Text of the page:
© Reuters. FILE PHOTO: A gas flare on an oil production platform is seen alongside an Iranian flag in the Gulf July 25, 2005. REUTERS/Raheb Homavandi
By Yuka Obayashi and Heekyong Yang
TOKYO/SEOUL (Reuters) -Asian refiners, traditionally big buyers of Iranian oil, are keen to resume imports from Iran if there is an agreement to revive a 2015 nuclear deal, which could pave the way for more supply on global markets and soften prices.
Most Asian buyers halted Iranian oil imports in 2019 after former U.S. President Trump withdrew from the nuclear deal with Iran and re-imposed sanctions on Tehran’s oil exports.
Indirect talks between Iran and the United States on the nuclear deal resumed last week. Western diplomats have indicated they hoped to have a breakthrough by now, but tough issues remain unresolved.
Oil prices are at their highest in more than seven years as fears of disruption in Russian energy supplies have boosted and futures. Refiners are also paying record spot premiums for crude produced in Europe and the Middle East as producers struggle to meet a robust recovery in demand after the pandemic. [O/R] [L4N2US219]
With the prospect of a new Iran deal, South Korea, previously one of Tehran’s leading oil customers in Asia, said on Wednesday it had held working-level talks on resuming imports of Iranian crude oil and unfreezing Iranian funds.
A major South Korean refinery is watching the developments at the nuclear talks, a company source said, as Iranian crude oil is cost-competitive and easy to process compared with other grades such as Mexican oil.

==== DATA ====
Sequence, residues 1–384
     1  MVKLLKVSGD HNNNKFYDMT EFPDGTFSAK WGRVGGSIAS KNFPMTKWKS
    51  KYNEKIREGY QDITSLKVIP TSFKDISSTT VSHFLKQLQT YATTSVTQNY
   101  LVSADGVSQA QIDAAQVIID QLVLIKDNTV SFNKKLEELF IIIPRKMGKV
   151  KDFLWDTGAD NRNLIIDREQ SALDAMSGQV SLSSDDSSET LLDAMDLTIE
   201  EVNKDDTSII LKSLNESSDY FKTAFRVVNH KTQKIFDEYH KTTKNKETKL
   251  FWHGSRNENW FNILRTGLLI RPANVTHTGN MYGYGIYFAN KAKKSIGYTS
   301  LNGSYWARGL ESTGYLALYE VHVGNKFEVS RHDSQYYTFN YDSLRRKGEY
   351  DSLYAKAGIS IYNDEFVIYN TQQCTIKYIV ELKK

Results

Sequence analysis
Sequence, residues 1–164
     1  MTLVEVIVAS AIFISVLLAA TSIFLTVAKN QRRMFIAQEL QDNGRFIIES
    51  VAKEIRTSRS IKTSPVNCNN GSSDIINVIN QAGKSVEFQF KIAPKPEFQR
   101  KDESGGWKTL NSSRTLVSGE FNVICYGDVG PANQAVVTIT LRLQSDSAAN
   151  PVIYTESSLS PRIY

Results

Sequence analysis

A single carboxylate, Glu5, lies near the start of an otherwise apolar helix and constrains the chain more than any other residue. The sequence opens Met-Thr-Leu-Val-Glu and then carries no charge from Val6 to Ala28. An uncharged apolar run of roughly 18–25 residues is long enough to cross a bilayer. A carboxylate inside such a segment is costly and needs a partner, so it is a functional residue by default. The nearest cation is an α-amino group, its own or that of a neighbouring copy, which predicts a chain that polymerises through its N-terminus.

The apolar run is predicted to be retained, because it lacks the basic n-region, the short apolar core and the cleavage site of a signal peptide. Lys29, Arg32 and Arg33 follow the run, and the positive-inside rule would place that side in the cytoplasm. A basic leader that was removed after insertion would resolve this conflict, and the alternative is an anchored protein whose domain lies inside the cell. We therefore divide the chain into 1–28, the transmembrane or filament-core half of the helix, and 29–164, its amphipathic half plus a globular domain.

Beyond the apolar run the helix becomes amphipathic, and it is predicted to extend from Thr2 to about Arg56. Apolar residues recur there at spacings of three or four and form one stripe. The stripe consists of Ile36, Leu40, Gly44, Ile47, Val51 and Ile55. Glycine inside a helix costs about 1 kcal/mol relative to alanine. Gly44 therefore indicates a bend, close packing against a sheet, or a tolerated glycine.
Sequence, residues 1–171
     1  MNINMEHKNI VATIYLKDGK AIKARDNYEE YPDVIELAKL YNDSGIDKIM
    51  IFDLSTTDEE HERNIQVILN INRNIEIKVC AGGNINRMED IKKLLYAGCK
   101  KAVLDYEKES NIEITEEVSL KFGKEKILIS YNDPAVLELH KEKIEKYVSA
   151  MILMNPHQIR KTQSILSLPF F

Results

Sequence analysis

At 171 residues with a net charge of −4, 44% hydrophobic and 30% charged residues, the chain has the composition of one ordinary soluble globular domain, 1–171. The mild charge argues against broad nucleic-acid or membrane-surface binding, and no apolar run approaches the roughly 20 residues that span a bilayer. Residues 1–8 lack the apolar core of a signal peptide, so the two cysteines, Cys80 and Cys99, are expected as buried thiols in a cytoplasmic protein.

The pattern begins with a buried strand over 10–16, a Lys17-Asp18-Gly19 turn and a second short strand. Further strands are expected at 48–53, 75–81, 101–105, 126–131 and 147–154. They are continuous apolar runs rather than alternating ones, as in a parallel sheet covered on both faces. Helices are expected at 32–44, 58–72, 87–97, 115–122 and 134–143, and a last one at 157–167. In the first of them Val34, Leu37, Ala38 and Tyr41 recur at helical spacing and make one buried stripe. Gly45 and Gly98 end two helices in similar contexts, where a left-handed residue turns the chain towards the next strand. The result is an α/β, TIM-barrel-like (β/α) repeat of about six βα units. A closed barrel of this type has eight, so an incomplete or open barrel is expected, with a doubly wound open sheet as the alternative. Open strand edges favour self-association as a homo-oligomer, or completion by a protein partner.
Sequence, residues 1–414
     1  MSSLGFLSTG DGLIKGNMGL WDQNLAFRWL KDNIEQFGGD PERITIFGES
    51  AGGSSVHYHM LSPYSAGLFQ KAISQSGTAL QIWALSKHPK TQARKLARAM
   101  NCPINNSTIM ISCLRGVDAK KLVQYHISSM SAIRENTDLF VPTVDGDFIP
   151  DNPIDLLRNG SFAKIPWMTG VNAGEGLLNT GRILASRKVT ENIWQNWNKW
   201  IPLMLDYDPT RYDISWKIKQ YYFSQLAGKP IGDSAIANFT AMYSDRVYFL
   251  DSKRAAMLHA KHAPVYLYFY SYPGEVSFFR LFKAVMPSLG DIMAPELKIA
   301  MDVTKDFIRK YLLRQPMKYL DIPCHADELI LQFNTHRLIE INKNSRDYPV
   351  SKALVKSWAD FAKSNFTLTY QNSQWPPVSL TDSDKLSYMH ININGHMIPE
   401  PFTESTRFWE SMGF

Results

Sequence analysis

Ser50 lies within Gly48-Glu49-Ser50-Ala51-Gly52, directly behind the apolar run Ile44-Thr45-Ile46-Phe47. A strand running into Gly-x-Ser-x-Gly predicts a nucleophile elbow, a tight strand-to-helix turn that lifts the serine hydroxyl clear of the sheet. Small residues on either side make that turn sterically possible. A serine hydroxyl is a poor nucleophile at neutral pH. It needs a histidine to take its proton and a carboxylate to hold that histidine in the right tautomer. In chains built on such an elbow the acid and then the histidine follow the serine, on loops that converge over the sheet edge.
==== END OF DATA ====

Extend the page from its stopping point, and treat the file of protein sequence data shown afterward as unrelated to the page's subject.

“As long as the two countries decide to resume oil trade, we can purchase crude from Iran,” this source said.
“Since we’ve previously used crude oil from Iran, we don’t need to test the oil at our facilities,” he added.
Japan’s top refiner Eneos Holdings Inc will consider resuming oil imports from Iran if an agreement to revive a 2015 nuclear deal is reached, its chairman said on Thursday.
“We have not begun such preparations yet, but we will consider resuming imports of crude oil from Iran as one of our procurement option if an agreement over the nuclear deal is reached,” Eneos Chairman Tsutomu Sugimori told reporters.
It will take about two-to-three months to resume oil imports from Iran if and after such an agreement on the nuclear deal is made as the refiner will need to make various arrangements such as insurance and shipping, Sugimori said.
A refiner from India, Iran’s No. 2 customer, is in talks with Iran for sourcing its oil, an Indian refining source said, adding that it was also waiting for more clarity on the nuclear deal. The sources declined to be identified due to sensitivity of the matter.
Iran has kept some exports flowing despite sanctions as intermediaries find ways to disguise the origins of the imports and China, Iran’s biggest customer, has been a big destination.
Last month, China’s customs reported the first import of Iranian crude in a year.
Russia-Ukraine tensions have raised volatility in global oil prices, but positive developments in the U.S.-Iran negotiations have raised hopes of Iranian oil returning to markets, helping to calm oil prices, Claudio Galimberti, senior vice president at Rystad Energy said in a research note.
“Although not a done deal yet, prices are sliding on news of progress and broad consensus in the talks as it could ultimately see up to 900,000 barrels per day of crude added to the market by December this year,” he said.